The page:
Then and Now: National Road Safety Council as a key player for road safety in Armenia.
In March 2010, EASST founding partner Poghos Shahinyan was appointed as the Secretary of the (then) new National Road Safety Council of Armenia, chaired by the Prime Minister.
The Council was established to oversee and develop the Armenia’s National Road Safety Strategy and Five Year Action Plan for 2010-2015. Its membership included the Deputy Prime Minister and other key government ministers relevant to road safety policy, along with active civil society road safety campaigners with EASST partner, Poghos Shahinyan, whose road safety NGO (NRSC – also called the National Road Safety Council), appointed as the Council’s secretariat.
From its inception in 2005, NRSC was a ground-breaking initiative – a road safety coalition involving the Automobile Federation of Armenia (FAA), the Protection of Consumer Rights NGO, the Armenian Public Health Association, the Society for Drivers’ Rights, and the British Alumni Association. They work with a broad range of local groups, academics, consumers and the road traffic police. Until the arrival of the NRSC, many of these organisations had been working in isolation but As a result of their efforts, Armenia’s dormant seat belt law was enforced for the first time in 2009, resulting in a 20% reduction in road fatalities and 12% decline in casualties in just one year.
Since 2010, under the umbrella of the National Road Safety Council, Armenia’s road safety management has been used as an example of best practice by the Eastern Partnership Transport Panel on Road Safety (organised by the European Commission and World Bank). At a meeting in Brussels in 2017, Poghos presented on the success of Armenia’s National Road Safety Strategy. He emphasised that the success of the Council had, in large part, been due to the high-level of government involvement and political will as well as ensuring targeted road safety initiatives that were implemented across sectoral boundaries. Through a focus on reducing speed (by installing speed cameras and cross cameras) and promoting seat belt wearing – the rate of which is now at almost 95 per cent – within the first two years, road fatalities in Armenia reduced by 38 per cent.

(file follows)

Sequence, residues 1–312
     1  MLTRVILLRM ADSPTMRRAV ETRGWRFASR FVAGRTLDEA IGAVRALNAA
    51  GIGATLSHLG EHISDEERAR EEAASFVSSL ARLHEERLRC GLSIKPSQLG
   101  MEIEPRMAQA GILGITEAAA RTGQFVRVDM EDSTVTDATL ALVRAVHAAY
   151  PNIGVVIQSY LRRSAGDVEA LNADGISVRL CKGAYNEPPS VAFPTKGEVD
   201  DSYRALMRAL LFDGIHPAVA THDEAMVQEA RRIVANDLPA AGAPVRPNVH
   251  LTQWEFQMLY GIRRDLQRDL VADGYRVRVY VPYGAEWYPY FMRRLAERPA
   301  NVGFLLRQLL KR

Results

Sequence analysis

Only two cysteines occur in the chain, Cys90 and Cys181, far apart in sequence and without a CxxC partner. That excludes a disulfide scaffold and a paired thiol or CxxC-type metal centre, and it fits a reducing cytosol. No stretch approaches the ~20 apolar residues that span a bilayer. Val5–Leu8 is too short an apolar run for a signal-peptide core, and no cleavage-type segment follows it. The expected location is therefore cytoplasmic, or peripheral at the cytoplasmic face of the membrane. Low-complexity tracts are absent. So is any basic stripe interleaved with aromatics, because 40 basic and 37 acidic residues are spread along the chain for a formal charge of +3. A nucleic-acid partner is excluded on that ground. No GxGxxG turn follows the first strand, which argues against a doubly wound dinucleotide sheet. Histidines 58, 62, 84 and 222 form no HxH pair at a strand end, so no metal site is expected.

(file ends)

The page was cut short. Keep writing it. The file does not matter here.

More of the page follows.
In 2016, the World Bank also highlighted the importance of road improvements and road safety in bringing a “new lease of life to many rural areas in Armenia”. A pilot partnership, which started in 2012, between the World Bank and the Ministry of Transport and Communications has since seen a new approach to road construction across the country. Under the guidance of National Road Safety Council, road safety was made a priority in this process. The Safe Villages initiative, led by NRSC, introduced safety measures and ran road safety campaigns to make sure that local communities were prepared for the changes and kept safe.
Today, NRSC is a key player for road safety in Armenia through its cooperation with both state stakeholders and international networks. In 2018, NRSC was appointed as a National Coordinator for the Eastern Partnership working group on road safety and has taken a leading role in facilitating national gatherings and the development of road safety policies in Armenia.
Now, with a new government, NRSC are working update the National Road Safety Strategy to include the SDGs for road safety and design a new action plan to end fatalities on the roads in Armenia. NRSC will continue to raise the importance of unified approach to road safety and raise awareness amongst general public on road safety.